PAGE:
Credit George Sidney with directing one of the better fun and frolic tune packages. The adaptation of the successful  legit musical comedy clearly called for lots of visuals, rather than just dialog and straight story-telling. Additionally, there’s apparently more emphasis on the dance (interesting choreography by Onna White) – more so perhaps than in the original.
Strikingly important in Bye Bye Birdie is Ann-Margret. Singer, hoofer and cutie-pie, all wrapped up into one, she has the magnetism of early-vintage Judy Garland.
Story is the wacky thing about an Elvis Presley type (Jesse Pearson) who’s subject to immediate army call. Goes by the name of Conrad Birdie and he swoons the girls no end, what with all that guitar and hip-notism. Songwriter Dick Van Dyke, trying to make time with Janet Leigh, while his mother, Maureen Stapleton, interferes, also is engaged in having Presley-type appear on the Ed Sullivan TV show while doing his farewell song in Sweet Apple, Iowa. Sullivan is on view, playing the part of Ed Sullivan with remarkable authenticity.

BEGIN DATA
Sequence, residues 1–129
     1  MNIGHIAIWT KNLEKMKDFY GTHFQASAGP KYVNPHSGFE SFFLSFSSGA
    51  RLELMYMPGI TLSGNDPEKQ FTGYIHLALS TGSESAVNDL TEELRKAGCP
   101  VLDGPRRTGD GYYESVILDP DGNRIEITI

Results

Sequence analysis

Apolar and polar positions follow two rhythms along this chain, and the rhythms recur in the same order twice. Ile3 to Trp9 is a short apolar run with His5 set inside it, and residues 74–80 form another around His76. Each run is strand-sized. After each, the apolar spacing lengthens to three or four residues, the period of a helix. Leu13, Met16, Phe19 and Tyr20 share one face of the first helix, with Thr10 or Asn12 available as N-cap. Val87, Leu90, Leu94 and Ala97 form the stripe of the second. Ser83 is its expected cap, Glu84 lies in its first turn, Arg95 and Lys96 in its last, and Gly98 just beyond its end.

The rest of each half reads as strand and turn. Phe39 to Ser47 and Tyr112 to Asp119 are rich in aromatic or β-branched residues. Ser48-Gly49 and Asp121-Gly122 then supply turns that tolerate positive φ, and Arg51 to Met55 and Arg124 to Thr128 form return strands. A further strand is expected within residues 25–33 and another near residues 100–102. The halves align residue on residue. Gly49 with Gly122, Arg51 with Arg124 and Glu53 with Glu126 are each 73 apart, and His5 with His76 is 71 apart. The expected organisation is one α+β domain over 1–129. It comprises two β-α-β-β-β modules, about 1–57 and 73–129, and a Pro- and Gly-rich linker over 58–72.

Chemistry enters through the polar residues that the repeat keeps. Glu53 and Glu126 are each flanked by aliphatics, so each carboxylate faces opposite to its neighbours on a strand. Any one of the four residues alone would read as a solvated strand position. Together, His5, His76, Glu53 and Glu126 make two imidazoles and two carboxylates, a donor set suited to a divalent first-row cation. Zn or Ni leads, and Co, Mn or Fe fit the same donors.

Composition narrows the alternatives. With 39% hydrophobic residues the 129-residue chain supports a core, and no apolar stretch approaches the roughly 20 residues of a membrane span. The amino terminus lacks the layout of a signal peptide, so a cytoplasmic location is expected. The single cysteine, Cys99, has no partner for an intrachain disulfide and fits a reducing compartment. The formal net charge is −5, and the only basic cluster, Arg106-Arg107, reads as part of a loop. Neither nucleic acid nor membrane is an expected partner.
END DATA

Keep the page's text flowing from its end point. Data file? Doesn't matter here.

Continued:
There’s lots of talent involved. The songs as penned by Charles Strouse and Lee Adams, fit in nicely. Van Dyke displays a showbiz knowhow far more extensive than his television outings communicate. Leigh is called upon to play it straight, and does so attractively. Stapleton is a comedienne of the first order. Young songster Rydell gets the right kind of chance to warble. Ann-Margret, to repeat, is a wow.
1963: Nominations: Best Adapted Score, Sound